Our thanks to Jeff for this. It’s about time women started to admit publicly what we all see with our own eyes, in our work and home lives, decade after decade. Woman are typically more prone to anxiety than men, and they don’t cope as well with healthy competition, so they suffer more stress when put under pressure, such as in the workplace – the subject of the newspaper article.
36 years ago Margaret Thatcher became prime minister, yet year after year we hear calls for female role models, leaving aside the tricky question of who’ll be the role models’ role models. There’s a seemingly never-ending need to ‘celebrate’ and ‘inspire’ women, endless propaganda on the BBC and the media generally about ‘strong’ high-achieving women, taxpayer-funded initiatives to ‘encourage’ women into fields they don’t want to enter (engineering, £30 million), lowering of standards to enable more women to meet entry and/or ongoing employment requirements (women-only MP shortlists, police, fire service…), preferencing of women over men in the public sector (Equality Act 2010), the decline of state education partly resulting from the feminisation of the teaching profession (masked only by grade inflation, decade after decade), and so much more.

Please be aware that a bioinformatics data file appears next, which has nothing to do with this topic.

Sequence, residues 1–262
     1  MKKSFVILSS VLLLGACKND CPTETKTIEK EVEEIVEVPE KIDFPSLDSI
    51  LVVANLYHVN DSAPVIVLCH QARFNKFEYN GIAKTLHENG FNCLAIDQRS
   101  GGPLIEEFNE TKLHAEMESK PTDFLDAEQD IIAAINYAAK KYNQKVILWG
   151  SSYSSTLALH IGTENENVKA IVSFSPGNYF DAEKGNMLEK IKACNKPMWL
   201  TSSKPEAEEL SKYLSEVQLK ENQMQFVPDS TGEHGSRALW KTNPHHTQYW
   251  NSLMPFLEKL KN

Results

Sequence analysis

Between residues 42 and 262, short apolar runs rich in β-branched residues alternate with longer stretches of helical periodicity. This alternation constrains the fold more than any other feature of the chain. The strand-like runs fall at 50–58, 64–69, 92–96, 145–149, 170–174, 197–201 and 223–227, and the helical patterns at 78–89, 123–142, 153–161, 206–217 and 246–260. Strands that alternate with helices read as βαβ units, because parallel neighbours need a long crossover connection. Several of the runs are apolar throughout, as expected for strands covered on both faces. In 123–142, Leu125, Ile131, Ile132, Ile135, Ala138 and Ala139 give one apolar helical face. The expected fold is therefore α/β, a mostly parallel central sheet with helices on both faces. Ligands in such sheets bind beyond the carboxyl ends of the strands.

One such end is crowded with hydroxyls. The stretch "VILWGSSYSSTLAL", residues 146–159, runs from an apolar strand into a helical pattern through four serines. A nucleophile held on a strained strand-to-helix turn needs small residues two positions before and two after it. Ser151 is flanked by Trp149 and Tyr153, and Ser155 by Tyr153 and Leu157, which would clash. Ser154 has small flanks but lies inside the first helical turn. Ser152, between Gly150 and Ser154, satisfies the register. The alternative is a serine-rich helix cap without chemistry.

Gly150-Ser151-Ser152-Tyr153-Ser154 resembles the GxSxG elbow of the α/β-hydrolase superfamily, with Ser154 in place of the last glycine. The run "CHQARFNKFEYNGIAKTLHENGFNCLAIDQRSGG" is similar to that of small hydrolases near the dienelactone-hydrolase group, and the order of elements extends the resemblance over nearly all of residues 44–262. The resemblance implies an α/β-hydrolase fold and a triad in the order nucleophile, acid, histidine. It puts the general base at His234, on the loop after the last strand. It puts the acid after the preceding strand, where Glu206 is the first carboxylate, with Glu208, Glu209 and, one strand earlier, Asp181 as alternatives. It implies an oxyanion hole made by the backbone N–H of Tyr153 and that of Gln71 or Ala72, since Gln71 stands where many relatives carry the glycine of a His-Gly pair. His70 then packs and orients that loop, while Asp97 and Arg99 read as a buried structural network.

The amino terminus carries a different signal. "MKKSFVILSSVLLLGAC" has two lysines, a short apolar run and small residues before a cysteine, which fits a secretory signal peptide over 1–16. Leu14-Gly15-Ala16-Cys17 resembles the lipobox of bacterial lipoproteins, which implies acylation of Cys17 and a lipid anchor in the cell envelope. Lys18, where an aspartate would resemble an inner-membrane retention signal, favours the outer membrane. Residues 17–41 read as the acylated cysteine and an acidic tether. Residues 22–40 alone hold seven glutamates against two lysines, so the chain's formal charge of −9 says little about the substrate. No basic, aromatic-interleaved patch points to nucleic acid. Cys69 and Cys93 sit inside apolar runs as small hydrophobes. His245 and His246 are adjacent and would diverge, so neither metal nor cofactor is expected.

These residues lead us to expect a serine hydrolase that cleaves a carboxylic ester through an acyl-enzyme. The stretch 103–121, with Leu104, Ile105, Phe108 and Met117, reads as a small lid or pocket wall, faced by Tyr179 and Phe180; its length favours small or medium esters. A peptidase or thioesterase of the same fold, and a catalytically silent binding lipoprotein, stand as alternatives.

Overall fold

For three years Campaign for Merit in Business has been informing the government and businesses of the evidence that driving up female representation on corporate boards leads to corporate financial decline – its short briefing paper is here. On the basis of merit we’d expect women to occupy fewer than 5% of the board places in major companies – for the simple calculations leading to that conclusion, see reference #2 on p.68 of our election manifesto – yet due to government threats of legislated gender quotas, the proportion of women on FTSE100 boards has risen from 12.5% to 25% in the space of five years. Almost all the new female directors were appointed as non-executive directors – what does that tell you about the competence gender gap at the top of major businesses? The government has a longer-term goal of gender parity on FTSE350 boards, which will require a more than tenfold preferencing of women over men, and a large number of male executives being denied board places they would deserve on the grounds of merit.
What are the consequences of this ideologically-driven insanity? A small number of women are advanced far beyond their natural abilities, and the rest of us – men, the vast majority of women, and children – pay the price, in so many ways.